Younger drinking drivers are becoming a worrying statistic since the drinking age was lowered, this week’s Environment Waikato Regional Road Safety Subcommittee was told.
Waikato’s ACC ‘booze bus’ has put more than 430,000 drivers through roadside alcohol checks in the past two years.
Police representative Inspector Leo Tooman said drunk drivers aged between 17 and 19 made up 23 percent of the total, compared with 29 percent aged 20 to 30 and 22 percent aged 31 to 40. Female young drivers were a growing percentage, with drivers aged 17 to 19 making up 26 percent of the female drinking driver statistics – more than males.
Female Maori drunk drivers were also a major problem, making up 48 percent of the total Maori drivers apprehended, while only representing 18 percent of the population.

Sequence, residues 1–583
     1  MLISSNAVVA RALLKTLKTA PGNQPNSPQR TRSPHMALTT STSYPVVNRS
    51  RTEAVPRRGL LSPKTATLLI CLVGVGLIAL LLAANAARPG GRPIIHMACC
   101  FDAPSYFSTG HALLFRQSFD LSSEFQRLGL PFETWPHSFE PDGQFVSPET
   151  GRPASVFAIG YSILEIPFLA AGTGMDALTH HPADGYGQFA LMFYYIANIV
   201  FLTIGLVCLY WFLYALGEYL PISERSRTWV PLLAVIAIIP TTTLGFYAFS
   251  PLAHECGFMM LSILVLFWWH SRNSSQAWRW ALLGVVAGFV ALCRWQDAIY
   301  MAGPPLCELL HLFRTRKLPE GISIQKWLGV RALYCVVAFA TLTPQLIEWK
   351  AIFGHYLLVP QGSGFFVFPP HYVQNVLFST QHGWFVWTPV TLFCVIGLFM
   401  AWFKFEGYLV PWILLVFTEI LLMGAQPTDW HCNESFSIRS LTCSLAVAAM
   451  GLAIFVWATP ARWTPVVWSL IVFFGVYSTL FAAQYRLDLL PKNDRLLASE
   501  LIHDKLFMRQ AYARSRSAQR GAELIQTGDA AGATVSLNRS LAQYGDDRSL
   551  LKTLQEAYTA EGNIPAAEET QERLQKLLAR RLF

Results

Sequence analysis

Almost 1600 drunk drivers have been processed through the courts as a result of failed breath tests. The bus has also picked up more than 400 disqualified drivers and other offenders, including drug and criminal offences.
When asked where they had last been drinking, 48 percent said they were drinking at private houses. Thirty two percent were at licensed premises and four percent at work.
“Kiwis are generous hosts and people drinking at home often have no idea how much they have been drinking, “Inspector Tooman said.
The results of where people had been drinking was supplied to re-licensing bodies and used when premises re-applied for alcohol licenses.
The average breath test result was 606 micrograms, while the record was a male driver who recorded 2350 micrograms. The highest female recording was 2238 micrograms, he said.
“If we can keep motorists out of hospital then we can make room for other surgeries, such as children getting their tonsils out.